Sustainable forest management
How Ontario’s forests are managed to ensure forest health now and into the future.
Why it is important
Sustainable forest management provides for the long-term health of Ontario’s forests while providing social, economic and environmental benefits to Ontarians.
Close to 90% of Ontario forests are publicly owned and known as Crown lands. 44% of these Crown lands are managed forests. Forest management activities within this area are required by law to be managed sustainably.
Sustainable forest management helps Ontario’s forests:
- remain healthy and productive
- support a strong forest industry and provide people with jobs and forest products (lumber, paper, fuel, medicines, chemicals and more)
- conserve biodiversity, enhance or protect wildlife habitat, watersheds, and other values, and reduce the build-up of greenhouse gases (a major cause of climate change)
- support Ontario communities, provide recreation opportunities (hiking, hunting, fishing and more), and provide a healthy living environment
Managing Crown forests
The Crown Forest Sustainability Act describes forest sustainability and regulates the protection and sustainable use of Ontario’s forested lands. To achieve sustainable forest management, there is:
- a comprehensive system of legislation, regulations, policies, standards and guides
- a forest management planning system
- a compliance program and independent forest audits to monitor progress
- public reporting on the status of all aspects of forest management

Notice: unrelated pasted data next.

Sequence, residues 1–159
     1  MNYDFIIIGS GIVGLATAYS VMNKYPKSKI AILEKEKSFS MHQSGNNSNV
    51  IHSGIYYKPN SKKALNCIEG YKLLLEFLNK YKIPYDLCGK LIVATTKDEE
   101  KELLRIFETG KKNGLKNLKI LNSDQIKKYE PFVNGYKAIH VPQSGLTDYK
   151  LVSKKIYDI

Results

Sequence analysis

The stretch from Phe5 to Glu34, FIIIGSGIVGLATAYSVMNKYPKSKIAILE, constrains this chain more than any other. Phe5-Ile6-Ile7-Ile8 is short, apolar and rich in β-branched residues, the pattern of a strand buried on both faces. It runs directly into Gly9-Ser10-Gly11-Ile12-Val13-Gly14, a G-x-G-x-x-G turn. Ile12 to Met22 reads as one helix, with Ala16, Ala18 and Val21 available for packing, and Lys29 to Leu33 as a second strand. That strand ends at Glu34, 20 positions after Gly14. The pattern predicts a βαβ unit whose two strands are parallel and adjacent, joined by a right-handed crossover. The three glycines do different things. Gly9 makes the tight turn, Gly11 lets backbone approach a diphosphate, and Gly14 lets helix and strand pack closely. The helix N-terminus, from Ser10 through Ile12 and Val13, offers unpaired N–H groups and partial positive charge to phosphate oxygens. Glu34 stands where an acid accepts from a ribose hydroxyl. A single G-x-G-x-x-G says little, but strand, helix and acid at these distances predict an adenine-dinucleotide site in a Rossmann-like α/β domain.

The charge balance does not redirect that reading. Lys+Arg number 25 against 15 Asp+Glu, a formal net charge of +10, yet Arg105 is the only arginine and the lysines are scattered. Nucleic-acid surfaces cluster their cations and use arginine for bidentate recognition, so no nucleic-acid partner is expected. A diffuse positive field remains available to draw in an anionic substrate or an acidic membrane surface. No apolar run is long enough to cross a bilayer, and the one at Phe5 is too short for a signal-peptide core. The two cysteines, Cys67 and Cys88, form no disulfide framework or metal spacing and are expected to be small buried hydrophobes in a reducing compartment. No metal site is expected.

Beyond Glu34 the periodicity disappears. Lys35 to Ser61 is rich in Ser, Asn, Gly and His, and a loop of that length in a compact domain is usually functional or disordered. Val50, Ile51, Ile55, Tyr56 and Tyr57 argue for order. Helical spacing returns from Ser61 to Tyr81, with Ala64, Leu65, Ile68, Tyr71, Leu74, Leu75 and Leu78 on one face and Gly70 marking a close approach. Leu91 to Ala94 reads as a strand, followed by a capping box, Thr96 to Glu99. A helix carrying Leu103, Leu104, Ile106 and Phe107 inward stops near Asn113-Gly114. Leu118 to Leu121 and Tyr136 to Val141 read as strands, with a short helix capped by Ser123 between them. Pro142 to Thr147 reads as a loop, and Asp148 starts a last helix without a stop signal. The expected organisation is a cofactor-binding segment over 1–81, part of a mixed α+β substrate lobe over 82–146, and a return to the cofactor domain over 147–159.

Ontario’s sustainable forest management practices are based on the most up-to-date science and continuously improved.
How Crown forests are managed
Ontario’s managed forests are divided into geographic planning areas, known as management units.
Forest management plans
Before any forestry activities can take place, a forest management plan must be prepared.
Forest management plans:
- are prepared by a registered professional forester with the input of local citizens, Aboriginal communities, stakeholders and the public
- are prepared for a 10-year period
- follow the Forest Management Planning Manual
- determine how much/where harvesting can occur, where roads can be built and how much forest will be renewed
- must ensure sustainability while finding a balance of social, economic and environmental values
Most of Ontario’s Crown forests are managed by forest companies under 20-year Sustainable Forest Licences. Licences are subject to renewal every 5 years, depending on the results of a licence review.
- work with government and others to prepare and implement a forest management plan for their licence area
- prepare an annual report of activities completed
- monitor compliance with the plan
- renew the forest after harvesting trees (grow a new forest)
- pay a stumpage fee to the province for the right to harvest timber
- pay Crown charge fees toward renewing the forest
Most of Ontario’s Sustainable Forest Licence holders are certified by one of the following:
- Canadian Standards Association
- Forest Stewardship Council
- Sustainable Forest Initiative
Companies use certification to promote their products in the marketplace. Ontario’s regulated forest management system for Crown lands provides a good basis for forest companies to pursue third party certification.
Managing private forests
Private forests make up about 9% of Ontario’s forested lands. They contribute to Ontario’s timber harvest and provide other products such as maple syrup.
The Ontario government encourages responsible forest management of these private forests through information and incentives.
Landowners who are actively managing their woodlots may be eligible for the Managed Forest Tax Incentive Program.
Tree seeds in Ontario
The Ministry of Northern Development, Mines, Natural Resources and Forestry does not provide seeds or seedlings. Please contact your local nurseries:
- to buy tree seeds or seedlings
- for more information on products and services such as native flowers and shrubs